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IRS Penalty: What Is Reasonable Cause?

IRS penalty relief brings big business opportunities for astute tax practitioners as the IRS does indeed have the authority to provide relief from various penalties if you know how to do the dance.

In 2014 the IRS abated either in part or in full approximately 12.3% of the 40.3 million penalties issued reducing penalty assessments paid by US Taxpayers up to $9.8 billion.

According to the IRM, relief from penalties can fall into one of four separate categories.

  • Reasonable cause.
  • Statutory exceptions.
  • Administrative waivers.
  • Correction of IRS error.

This post drills down into Reasonable Cause. The IRS bases reasonable cause on all the facts and circumstances of each individual case file and it allows for relief of penalties as per IRM 20.1.1.3.2.

The IRS grants reasonable cause relief when you exercised ordinary business care and prudence in determining your tax obligations but nevertheless were unable to to timely comply with those obligations.

IRS Policy Statement 3-2 provides a very limited list of ’causes’ which can be ‘reasonable’ for late filing of a return or failure to deposit or pay tax when due (IRM 1.2.12.1.2).

Examples of sound causes for delay which can be accepted as reasonable cause include:

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How To Formulate An IRS Penalty Abatement Request

Greetings fellow tax nerds! Perhaps life might suck for me at present but lately, there seems to be nothing more satisfying than making tax penalties go away. Think about it. You’re a good person. You work hard. You struggle every day to do right. Then all of a sudden something changes. It appears innocuous.

Your busy and it gets blown off. Happens all the time. Three years later the IRS sends you a letter asserting that you are guilty and you are indeed guilty as charged. I’ve grown exhausted by toothless IRS letters and more so the reprobate tax collection practice of preying on taxpayer fears of the IRS…for profit.

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How To Submit A Reasonable Cause Claim To The IRS For Penalty Abatement

If you have not filed your personal income tax form (1040), generally, you should get the tax form filed ASAP without consideration for the yet to be assessed penalties.

Then exercise patience.

Wait for the IRS to assess the penalty and then send a reasonable cause explanation to the address indicated on the notice from the IRS. This way you mitigate all sorts of procedural kerfuffles. Read more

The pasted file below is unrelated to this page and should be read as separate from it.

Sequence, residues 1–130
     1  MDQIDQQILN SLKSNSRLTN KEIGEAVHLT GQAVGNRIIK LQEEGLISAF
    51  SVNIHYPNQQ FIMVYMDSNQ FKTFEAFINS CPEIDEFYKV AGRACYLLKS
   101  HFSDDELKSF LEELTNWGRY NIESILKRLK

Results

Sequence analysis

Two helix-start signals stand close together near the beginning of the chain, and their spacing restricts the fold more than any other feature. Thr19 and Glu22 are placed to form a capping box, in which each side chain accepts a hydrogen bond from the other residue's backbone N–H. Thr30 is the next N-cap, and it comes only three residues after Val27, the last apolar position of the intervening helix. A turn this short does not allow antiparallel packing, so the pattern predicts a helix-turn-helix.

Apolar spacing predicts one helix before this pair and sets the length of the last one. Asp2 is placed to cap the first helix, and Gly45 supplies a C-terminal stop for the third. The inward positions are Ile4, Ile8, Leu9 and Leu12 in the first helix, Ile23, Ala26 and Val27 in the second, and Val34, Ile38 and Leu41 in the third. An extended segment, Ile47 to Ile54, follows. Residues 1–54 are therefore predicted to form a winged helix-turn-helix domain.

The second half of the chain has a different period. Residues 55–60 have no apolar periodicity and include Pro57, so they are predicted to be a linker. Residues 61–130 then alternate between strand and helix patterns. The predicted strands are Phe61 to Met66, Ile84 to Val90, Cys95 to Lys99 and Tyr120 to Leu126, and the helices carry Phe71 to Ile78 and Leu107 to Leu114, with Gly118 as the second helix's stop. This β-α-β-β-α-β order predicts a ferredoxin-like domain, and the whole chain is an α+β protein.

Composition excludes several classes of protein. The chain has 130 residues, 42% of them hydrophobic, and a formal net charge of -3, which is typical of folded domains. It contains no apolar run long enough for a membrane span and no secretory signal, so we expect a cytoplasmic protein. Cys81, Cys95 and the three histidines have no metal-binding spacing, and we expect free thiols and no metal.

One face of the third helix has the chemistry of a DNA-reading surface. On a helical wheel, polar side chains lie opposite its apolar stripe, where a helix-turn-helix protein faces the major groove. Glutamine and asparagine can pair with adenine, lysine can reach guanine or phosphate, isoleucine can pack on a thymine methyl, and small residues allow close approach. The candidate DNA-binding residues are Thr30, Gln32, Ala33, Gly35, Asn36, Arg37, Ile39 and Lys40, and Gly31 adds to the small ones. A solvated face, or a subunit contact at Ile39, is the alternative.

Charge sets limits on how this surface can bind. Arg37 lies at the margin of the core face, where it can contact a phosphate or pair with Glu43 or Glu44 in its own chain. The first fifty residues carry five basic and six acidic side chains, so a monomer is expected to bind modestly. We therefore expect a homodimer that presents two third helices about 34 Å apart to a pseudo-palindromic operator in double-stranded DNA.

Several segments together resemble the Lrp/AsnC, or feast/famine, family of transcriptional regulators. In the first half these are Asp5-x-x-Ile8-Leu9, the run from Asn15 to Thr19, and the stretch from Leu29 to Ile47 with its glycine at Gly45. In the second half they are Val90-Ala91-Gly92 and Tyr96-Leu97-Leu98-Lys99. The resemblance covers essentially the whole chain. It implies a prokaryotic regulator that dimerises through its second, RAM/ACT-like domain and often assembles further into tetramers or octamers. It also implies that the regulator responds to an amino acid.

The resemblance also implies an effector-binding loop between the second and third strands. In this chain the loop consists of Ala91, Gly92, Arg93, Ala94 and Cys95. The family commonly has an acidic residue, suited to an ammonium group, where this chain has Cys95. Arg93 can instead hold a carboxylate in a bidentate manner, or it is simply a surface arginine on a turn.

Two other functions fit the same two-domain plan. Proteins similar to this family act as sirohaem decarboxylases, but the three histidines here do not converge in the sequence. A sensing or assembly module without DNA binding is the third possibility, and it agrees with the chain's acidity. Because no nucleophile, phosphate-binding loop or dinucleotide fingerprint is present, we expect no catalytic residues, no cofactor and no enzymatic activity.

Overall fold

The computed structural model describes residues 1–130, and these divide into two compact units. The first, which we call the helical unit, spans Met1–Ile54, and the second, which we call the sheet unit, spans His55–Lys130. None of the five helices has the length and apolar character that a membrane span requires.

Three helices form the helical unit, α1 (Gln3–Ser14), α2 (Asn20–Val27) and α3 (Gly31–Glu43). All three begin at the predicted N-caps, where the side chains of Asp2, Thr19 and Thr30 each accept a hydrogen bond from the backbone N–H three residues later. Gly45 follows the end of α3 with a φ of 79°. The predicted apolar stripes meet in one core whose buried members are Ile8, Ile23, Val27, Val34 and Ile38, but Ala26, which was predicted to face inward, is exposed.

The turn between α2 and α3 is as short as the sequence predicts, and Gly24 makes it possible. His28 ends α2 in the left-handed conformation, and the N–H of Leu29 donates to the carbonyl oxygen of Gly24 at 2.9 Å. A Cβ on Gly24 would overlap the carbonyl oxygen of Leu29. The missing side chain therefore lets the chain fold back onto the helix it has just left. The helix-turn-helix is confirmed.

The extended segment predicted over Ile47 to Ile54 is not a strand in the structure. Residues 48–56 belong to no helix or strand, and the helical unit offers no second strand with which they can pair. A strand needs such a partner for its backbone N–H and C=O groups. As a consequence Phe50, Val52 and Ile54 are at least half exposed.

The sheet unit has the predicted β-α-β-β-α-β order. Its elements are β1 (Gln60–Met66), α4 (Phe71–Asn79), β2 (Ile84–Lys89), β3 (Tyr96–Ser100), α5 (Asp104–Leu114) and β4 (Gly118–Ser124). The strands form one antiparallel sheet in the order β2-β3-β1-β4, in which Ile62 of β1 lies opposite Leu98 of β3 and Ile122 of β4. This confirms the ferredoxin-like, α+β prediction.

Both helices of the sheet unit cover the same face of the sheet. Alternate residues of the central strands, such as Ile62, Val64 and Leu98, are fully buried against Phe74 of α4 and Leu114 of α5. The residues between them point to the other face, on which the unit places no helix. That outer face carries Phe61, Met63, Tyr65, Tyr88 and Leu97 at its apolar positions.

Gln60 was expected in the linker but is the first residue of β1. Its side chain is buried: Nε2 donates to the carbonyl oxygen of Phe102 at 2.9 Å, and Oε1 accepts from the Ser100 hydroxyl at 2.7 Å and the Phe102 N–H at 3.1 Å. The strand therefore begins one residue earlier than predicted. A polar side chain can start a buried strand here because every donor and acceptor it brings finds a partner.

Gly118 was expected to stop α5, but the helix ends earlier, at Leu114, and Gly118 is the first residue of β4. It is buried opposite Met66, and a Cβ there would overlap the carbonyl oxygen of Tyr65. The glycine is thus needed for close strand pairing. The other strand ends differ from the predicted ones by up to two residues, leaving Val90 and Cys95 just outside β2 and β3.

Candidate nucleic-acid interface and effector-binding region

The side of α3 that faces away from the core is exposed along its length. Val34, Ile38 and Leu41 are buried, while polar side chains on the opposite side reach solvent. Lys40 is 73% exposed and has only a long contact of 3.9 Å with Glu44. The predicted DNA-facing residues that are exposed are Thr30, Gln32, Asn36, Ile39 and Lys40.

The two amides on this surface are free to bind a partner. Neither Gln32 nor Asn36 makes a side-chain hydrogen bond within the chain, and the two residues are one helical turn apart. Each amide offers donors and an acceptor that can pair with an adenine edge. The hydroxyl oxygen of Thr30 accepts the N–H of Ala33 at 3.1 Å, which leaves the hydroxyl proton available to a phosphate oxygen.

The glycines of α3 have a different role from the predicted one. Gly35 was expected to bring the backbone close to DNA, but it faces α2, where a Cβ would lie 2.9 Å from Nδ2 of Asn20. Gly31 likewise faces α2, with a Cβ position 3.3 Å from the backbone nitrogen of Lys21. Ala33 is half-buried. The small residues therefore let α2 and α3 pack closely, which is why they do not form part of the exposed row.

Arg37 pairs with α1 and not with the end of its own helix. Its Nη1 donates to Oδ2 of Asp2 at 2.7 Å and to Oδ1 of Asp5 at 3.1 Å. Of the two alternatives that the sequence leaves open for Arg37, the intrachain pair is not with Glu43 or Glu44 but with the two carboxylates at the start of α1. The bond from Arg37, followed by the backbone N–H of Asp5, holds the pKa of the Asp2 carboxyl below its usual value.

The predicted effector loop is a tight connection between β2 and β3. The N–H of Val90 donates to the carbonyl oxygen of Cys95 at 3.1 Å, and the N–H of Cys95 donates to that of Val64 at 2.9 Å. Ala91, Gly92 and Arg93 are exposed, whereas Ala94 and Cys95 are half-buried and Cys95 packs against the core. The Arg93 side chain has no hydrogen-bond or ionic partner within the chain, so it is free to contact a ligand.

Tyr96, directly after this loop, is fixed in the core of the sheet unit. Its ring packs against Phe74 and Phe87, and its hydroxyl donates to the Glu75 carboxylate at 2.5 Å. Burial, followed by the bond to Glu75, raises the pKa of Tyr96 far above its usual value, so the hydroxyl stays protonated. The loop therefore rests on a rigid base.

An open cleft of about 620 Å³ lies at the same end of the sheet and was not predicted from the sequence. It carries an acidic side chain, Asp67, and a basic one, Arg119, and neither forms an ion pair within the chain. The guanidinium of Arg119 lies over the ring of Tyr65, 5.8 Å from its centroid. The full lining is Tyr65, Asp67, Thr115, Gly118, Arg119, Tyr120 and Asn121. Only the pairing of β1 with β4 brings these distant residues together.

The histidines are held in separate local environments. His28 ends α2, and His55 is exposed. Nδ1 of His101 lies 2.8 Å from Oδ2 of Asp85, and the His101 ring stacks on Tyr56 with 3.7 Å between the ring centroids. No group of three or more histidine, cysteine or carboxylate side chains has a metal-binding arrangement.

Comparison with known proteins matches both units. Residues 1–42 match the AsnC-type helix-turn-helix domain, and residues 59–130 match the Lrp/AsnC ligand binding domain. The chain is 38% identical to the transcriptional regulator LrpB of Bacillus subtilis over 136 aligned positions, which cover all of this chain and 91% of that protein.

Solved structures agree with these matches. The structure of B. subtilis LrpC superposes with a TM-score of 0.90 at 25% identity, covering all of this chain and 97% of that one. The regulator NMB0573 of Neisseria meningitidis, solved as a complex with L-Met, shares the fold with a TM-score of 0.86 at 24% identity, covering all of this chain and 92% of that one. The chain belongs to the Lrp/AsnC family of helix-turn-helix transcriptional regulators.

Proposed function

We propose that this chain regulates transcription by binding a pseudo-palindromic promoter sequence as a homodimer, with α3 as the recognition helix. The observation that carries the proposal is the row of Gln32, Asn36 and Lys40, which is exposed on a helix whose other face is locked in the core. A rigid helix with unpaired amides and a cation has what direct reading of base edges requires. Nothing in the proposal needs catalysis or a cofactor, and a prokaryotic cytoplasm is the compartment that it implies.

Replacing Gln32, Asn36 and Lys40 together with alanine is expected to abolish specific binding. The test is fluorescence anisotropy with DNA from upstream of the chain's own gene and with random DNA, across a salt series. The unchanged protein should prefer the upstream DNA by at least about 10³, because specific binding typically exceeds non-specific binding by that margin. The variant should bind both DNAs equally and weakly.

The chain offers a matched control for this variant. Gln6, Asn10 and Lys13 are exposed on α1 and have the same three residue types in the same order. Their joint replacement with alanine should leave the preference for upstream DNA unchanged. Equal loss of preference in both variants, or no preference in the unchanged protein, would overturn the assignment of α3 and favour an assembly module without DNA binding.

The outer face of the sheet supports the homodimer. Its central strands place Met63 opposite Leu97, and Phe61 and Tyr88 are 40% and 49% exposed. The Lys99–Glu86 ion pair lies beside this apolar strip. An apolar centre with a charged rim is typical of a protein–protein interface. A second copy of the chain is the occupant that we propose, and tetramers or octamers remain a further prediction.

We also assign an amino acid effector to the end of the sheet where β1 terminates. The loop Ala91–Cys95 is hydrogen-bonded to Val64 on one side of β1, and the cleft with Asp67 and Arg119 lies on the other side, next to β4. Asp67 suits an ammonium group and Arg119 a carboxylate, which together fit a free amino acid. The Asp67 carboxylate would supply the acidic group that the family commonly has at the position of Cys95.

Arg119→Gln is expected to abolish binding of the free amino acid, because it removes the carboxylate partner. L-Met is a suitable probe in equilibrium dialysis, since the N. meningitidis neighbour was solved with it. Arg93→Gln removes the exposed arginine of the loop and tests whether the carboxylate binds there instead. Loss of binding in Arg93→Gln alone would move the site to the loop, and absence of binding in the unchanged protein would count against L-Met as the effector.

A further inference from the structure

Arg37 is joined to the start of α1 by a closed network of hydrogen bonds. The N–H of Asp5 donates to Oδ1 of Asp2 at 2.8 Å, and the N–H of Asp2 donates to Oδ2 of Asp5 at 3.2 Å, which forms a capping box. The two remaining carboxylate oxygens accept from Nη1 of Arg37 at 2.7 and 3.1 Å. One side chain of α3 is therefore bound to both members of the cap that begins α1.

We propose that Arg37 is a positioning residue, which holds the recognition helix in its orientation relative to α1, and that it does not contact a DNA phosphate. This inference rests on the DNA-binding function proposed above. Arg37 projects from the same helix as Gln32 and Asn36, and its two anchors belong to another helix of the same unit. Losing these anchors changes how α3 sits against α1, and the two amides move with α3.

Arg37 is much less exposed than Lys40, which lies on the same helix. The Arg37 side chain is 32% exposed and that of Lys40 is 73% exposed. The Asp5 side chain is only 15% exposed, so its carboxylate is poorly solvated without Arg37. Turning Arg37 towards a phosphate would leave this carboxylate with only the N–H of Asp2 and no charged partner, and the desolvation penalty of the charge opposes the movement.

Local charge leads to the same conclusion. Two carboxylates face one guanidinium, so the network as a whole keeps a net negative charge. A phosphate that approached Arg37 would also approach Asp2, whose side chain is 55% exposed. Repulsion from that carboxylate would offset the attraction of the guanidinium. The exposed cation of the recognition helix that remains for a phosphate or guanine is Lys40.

Navigating The Shoals Of IRS Penalties

For those of us inclined to the proverbial ‘head-bury’ strategy with Big Brother, it is best to understand the civil penalties assessed when IRS systems catch up – as measured in tangible $$ out the pocket. For the brave of heart, navigating the shoals of IRS Penalties can be intimidating to comprehend but it is far from rocket science.

Understanding IRS civil penalties starts with picking up Part 20.1 of the Internal Revenue Manual (IRM).  Here you will find guidance on all areas of civil penalties imposed by the Internal Revenue Code (IRC).

Criminal penalty provisions are contained in IRM 9.1.3 and beyond the scope of this post. Read more

5 IRS Penalties Changed Under The Tax Cuts And Jobs Act Of 2018

This post contains cocktail party killer one liners about how 5 IRS Penalties Changed Under the Tax Cut and Jobs Act of 2018.

My editor also quipped that reading this post helps with insomnia as well. So if you are looking to either kill a party and/or fall asleep faster please continue reading.

If you are a tax practitioner however, you better know this stuff and with all due respect – most do NOT.

The 5 big changes are summarized as follows: Read more

What You Should Know About Your Form W-2

It’s tax time, and you need your Form W-2, Wage and Tax Statement from your employer(s) to file an accurate federal tax return. You should have received this form by January 31.

If you did not get it by now check with your employer to make sure they have your correct address.

If the employer(s) in question have your correct address and the W-2’s have not arrived by the end of February you must still file your income tax forms and pay any income taxes due on time. Not to worry. Read more

Reporting Casualties Under The New US Personal Income Tax Regimen- Thefts Not So Much

The new Tax Cuts and Jobs Act (TCJA) amends Internal Revenue Code Section 165further restricting our ability as individual taxpayers to write off CASUALTY LOSSES going forward solely to ‘disaster areas’ as declared by the POTUS.

Say whaaaat ?!?!?!?!?!?!?!?

Effective immediately this new restriction detailed in the US Tax Code WILL HARM ANYONE who falls victim to any tragedy that does not rise to a less than fully clear standard set by our beloved Twitter-In-Chief, aka #StableGenius (presently ‘trending’). Read more